Match Analysis: Forge FC 3-0 Santos de Guápiles (4-3 agg.) — Concacaf League

Final Score: Forge FC 3-0 Santos de Guápiles (4-3 agg.)
Goalscorers: Browne 29′, Babouli 65′, Navarro 82′
2021 Concacaf League
Quarterfinals (Leg 2)

Match in a minute or less

Forge FC delivered another magical night in the Concacaf League on Tuesday at Tim Hortons Field, as their attack exploded for a 3-0 win over Costa Rican outfit Santos de Guápiles, handing the CPL team a 4-3 win on aggregate in the quarterfinal tie to advance to the semis and also book themselves a ticket for next year’s Concacaf Champions League.

On the front foot from the get-go, Forge scored just before the half-hour mark as Omar Browne fired a long-distance screamer off the crossbar and in to pull them within one of Santos’ lead. Midway through the second half, Babouli made it 2-0 (evening the score on aggregate) by volleying home a perfect cross by Browne. At last, in the 82nd minute, Costa Rica native Joshua Navarro sealed it for Forge by finishing a well-worked team attack to make it 3-0 on the night and put the Hamiltonians firmly — and permanently — in front.

RELATED READING: RECAP: Forge FC advance to SF, qualify for Concacaf Champions League with resounding Leg 2 win vs. Santos

Three Observations

Forge make history by securing Champions League spot

It’s genuinely incredible how this three-year-old club from Hamilton, Ontario continues to make history. In each of their forays into this Concacaf League competition, they’ve improved on the previous; their run to the round of 16 in year one was remarkable, and their campaign into the quarter-finals (playing each match away from home) last year even more so. This time, they took yet another massive step forward.

Yes, Forge FC will participate in the 2022 Concacaf Champions League. They’ll enter a competition alongside Mexican giants like Cruz Azul, Pumas, Santos Laguna, and Léon, plus the cream of the crop in MLS. For the first time, there will be two Canadian sides in the tournament — whoever wins the Canadian Championship later this month will join Forge.

Any kind of continental football is special — that much has been evident from the magical nights Forge have delivered in the Concacaf League — but the Champions League, the region’s top club competition, will be another level. Could Forge draw Cruz Azul, and pay a visit to the Azteca? Or host a Mexican opponent in Hamilton in the snow? The possibilities are endless; certainly, it’ll build even further upon the name Forge have already established for themselves in just three years in the Concacaf region.

Head coach Bobby Smyrniotis certainly deserves particular credit, as the architect of this incredible success, having built Forge into this powerhouse so quickly, and he — usually a very measured person — allowed himself to get a little emotional this time.

“I think for the first time in three years I showed a little bit more emotion after the game and celebrating with our fans,” Smyrniotis told reporters postmatch. “I’m not a guy who gets too excited, you’ve probably seen us win two North Star Shields. But yeah. I was excited in the moment, this one meant a lot. Continental football is special, and we’ve got two trophies in a case and of course we’re gonna go for a third, but there’s something different about these games. There’s something different about the challenge, the intensity, everything that goes into it…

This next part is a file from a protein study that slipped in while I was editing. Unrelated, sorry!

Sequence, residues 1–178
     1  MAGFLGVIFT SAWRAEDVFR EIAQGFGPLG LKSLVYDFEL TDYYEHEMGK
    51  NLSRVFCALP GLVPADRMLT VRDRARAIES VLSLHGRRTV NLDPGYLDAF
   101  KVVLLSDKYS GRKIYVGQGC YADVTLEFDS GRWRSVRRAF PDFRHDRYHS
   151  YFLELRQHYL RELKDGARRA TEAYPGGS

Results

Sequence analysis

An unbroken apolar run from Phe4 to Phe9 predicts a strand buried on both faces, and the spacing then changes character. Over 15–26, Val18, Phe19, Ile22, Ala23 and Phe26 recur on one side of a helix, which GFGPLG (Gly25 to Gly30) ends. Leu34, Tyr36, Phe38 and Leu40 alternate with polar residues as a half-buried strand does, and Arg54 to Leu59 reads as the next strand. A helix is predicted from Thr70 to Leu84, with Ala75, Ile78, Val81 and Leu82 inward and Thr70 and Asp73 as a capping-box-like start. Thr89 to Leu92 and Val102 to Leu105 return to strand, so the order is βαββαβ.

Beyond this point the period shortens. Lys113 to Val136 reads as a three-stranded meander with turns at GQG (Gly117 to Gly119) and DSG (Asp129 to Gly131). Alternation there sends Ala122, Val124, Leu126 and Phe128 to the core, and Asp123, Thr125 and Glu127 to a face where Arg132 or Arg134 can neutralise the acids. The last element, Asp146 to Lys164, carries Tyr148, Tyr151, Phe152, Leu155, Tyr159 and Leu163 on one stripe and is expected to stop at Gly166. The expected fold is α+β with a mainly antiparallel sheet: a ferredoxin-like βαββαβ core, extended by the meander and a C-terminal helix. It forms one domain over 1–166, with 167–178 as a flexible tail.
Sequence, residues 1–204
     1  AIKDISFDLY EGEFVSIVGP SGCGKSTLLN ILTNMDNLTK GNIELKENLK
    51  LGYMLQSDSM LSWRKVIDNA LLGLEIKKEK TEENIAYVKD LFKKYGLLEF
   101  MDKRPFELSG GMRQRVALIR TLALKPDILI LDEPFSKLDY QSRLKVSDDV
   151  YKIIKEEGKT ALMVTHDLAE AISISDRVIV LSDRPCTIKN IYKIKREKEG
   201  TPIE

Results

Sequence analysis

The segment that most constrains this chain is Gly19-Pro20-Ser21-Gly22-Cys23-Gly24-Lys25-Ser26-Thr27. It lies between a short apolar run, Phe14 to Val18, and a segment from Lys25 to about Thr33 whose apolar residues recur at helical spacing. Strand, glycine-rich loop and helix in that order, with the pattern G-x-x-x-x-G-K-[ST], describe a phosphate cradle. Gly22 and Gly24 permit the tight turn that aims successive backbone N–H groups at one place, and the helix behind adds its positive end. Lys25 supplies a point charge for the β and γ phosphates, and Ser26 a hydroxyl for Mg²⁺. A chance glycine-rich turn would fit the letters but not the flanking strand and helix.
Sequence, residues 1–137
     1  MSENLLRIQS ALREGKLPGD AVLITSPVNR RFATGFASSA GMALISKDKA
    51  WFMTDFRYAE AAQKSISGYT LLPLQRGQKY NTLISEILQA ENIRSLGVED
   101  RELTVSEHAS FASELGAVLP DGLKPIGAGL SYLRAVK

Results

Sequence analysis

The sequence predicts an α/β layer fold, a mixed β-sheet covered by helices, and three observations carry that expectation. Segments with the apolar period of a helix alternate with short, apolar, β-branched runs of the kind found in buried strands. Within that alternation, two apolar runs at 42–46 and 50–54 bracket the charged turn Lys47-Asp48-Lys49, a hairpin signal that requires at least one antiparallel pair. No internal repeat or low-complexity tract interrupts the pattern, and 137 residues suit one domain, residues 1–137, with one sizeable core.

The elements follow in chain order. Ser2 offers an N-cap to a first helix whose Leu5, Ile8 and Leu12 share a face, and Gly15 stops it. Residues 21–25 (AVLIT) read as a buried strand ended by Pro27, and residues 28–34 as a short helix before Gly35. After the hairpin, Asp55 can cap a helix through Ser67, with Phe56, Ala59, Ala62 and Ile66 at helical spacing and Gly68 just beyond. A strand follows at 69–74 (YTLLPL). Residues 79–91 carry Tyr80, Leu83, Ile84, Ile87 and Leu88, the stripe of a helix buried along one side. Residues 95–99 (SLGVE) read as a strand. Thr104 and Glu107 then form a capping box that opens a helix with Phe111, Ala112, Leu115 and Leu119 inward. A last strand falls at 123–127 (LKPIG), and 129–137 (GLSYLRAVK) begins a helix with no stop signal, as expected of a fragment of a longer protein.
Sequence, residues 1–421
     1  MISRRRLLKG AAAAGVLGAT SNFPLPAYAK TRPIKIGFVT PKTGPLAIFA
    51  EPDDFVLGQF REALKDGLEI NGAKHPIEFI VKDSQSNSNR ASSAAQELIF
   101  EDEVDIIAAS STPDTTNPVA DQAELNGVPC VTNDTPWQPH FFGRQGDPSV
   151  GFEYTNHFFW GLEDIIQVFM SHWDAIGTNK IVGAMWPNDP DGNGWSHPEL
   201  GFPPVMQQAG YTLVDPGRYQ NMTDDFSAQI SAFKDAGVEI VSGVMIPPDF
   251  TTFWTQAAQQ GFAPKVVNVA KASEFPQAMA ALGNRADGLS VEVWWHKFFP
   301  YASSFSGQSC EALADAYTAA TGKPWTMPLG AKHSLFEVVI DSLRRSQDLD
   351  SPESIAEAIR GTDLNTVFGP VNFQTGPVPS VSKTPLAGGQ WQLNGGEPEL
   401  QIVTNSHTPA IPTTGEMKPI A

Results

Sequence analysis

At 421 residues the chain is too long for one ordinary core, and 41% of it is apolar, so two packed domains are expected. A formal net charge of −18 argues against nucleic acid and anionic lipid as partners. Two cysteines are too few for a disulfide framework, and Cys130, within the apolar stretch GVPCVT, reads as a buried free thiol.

“We’re making one step each year. Last year hurt. There were a lot of guys in this room and everyone wanted it, because we were so close. To come back in this next year and do it, it’s absolutely fantastic. Because this competition is a privilege, it comes with being champion of the Canadian Premier League; it’s not your right to compete in Concacaf League, so you’ve got to take these opportunities. I don’t know how big it is, we’ll know down the line in the future but I think for a club, and what we’ve accomplished year after year, it just keeps getting better. I’m absolutely proud of my staff, the management, everyone down to every single player. It’s been a great ride and we keep on going.”

Forge’s Emery Welshman also heaped praise on Smyrniotis and the rest of the staff behind the scenes, and he tried to collect his thoughts on the occasion.

“It’s a surreal feeling. Being a club that’s only three years old, and being here from the beginning — I was here for the first leg of our Concacaf journey, and to see them go out the way that they did was heartbreaking. But now everything’s coming kind of full circle, and what a moment. What a special moment not just for this club but for Canadian football, regardless of if rivals out there might be a little resentful to it. This is a big moment for everybody; we’ve done it, and we’ve done it the hard way, and that’s special.”

The true magnitude of what Forge accomplished on Tuesday — coming back from two goals down on aggregate, and delivering in that way to achieve something they’ve wanted so badly — might not sink in until months, or even years, later, but it is abundantly clear: Something special happened at Tim Hortons Field in Hamilton, Ontario on November 2, 2021.

Smyrniotis & Forge find way to slow down Santos transition

The element of the game where Santos hurt Forge most in Leg 1 was their lightning-fast transition game. Down in Costa Rica, they seemed to put Forge under pressure immediately after winning the ball by moving it forward so quickly to create a numerical advantage and get the defenders running backward. That created a lot of high-tempo counter-attacking chances for Santos that ultimately won them the game.